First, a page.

Tuck one pillow under each arm so that the weight of your shoulders is supported by the pillows instead of pulling on your neck. Sit up tall, and breathe in, and then as you breathe out, slowly rotate your head to one side as far as you can comfortably go. Come back to center, and then repeat in the opposite direction.
You’ll probably notice that you have a stiffer range of motion on one side. Keep alternating directions and try to increase how far you turn your head each time, while staying relaxed and pain-free. Do this for 20-30 seconds every 20-30 minutes throughout your day.
Stretch your SCM
Besides widening your range of motion, you’ll need to also lengthen your shortened SCM. There are several ways to stretch the sternocleidomastoid muscle, but here’s one you can do on your own.
Sit up tall with your shoulders square but relaxed. You’ll want to work both sides of your SCM, but let’s start on the left side. Place your right hand on your left shoulder to stabilize it so you don’t hike your shoulder as you do this. Next, side bend your neck so your right ear moves towards that right shoulder. To deepen the stretch, look up at the ceiling. You should feel a stretch along the left side of your neck.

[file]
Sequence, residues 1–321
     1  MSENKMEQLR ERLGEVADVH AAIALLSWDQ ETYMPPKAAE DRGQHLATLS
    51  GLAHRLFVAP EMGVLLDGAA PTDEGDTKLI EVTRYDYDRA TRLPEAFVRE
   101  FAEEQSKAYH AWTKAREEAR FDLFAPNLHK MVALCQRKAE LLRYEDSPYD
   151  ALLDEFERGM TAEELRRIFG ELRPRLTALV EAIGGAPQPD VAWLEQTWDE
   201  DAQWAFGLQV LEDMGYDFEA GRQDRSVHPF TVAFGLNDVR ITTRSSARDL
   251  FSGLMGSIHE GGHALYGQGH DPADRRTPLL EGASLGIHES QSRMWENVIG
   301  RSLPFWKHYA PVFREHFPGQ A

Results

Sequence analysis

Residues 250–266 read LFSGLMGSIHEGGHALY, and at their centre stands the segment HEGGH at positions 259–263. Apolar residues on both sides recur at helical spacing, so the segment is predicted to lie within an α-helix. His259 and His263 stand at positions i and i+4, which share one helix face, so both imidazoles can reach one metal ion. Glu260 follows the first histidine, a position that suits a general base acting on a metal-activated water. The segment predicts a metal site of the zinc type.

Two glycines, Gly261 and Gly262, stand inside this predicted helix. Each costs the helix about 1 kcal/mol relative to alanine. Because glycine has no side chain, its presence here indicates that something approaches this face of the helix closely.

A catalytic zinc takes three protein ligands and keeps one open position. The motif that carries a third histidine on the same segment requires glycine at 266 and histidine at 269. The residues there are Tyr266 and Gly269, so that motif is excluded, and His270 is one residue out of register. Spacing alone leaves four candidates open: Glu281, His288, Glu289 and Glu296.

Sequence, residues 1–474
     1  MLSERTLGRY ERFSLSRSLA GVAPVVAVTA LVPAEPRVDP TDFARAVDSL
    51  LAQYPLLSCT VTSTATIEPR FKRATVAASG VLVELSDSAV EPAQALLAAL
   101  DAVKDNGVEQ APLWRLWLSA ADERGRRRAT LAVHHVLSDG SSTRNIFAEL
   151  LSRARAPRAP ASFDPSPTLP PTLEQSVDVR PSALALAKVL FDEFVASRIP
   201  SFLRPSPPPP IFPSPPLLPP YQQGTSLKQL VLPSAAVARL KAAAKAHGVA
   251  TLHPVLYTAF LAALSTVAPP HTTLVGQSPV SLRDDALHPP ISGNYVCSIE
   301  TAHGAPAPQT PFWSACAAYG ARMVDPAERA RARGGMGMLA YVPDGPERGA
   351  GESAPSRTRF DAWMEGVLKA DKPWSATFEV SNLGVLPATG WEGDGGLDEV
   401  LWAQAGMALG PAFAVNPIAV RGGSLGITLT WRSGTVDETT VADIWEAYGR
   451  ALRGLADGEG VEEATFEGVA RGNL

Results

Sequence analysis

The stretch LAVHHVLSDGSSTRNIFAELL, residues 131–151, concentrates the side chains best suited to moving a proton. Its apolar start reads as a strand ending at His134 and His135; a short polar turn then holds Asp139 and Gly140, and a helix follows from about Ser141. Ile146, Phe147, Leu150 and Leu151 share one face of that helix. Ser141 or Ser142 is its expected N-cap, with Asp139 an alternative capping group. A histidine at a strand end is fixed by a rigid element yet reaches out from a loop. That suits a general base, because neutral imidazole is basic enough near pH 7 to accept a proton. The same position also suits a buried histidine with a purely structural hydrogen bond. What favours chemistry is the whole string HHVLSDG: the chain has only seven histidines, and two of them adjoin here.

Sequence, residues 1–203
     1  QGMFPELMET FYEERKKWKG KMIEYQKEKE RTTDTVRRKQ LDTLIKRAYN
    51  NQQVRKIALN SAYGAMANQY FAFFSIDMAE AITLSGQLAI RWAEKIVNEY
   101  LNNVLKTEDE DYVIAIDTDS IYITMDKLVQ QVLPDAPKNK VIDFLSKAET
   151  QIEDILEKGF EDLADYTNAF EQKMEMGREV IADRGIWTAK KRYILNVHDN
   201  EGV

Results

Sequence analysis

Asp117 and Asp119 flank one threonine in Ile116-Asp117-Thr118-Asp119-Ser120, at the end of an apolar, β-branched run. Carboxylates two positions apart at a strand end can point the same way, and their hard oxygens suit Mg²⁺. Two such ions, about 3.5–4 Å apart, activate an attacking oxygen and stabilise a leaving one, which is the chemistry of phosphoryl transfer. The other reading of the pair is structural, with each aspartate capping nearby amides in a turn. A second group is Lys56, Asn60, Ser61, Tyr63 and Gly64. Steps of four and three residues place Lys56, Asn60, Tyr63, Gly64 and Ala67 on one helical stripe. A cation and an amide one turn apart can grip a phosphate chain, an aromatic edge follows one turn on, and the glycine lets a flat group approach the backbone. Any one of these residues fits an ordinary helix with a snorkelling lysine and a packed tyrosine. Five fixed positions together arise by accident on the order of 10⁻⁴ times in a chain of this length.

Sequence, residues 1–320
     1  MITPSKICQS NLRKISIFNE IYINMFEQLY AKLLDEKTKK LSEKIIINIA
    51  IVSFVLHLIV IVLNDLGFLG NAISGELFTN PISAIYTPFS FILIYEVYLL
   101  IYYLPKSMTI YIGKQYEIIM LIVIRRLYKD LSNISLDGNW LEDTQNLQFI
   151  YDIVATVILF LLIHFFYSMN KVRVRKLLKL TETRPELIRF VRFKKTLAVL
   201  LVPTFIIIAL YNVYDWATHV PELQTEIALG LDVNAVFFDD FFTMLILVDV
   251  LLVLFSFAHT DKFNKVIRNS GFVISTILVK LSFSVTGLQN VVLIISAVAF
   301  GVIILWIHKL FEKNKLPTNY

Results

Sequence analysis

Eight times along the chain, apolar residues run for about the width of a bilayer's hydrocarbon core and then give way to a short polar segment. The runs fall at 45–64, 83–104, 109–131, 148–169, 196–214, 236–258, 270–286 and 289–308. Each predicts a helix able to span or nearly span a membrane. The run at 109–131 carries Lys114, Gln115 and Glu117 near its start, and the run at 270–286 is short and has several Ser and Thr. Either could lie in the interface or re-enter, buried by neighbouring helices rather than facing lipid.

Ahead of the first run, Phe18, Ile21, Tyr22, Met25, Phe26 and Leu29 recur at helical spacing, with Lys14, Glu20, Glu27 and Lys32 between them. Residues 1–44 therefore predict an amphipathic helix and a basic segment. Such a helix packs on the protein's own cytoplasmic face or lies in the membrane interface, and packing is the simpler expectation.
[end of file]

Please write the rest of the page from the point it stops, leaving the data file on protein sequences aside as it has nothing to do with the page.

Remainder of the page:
Hold the stretch but not your breath, and work on lengthening that tight SCM. After 30 seconds, return to center and repeat on the other side.
Contract Relax and Massage
In the PT clinic, we like to treat SCM syndrome with what’s called Contract Relax stretching. The patient lies down face-up on a table. Using my hands, I guide the patient to side bend their head along the table to the end of their neck’s range.
Next, while stabilizing their head and shoulder, I have the patient try to resist my hands and bring their head back to center—to reverse the side bend they made. By keeping their head and shoulder in place, I help the patient isolate the SCM for an isometric hold.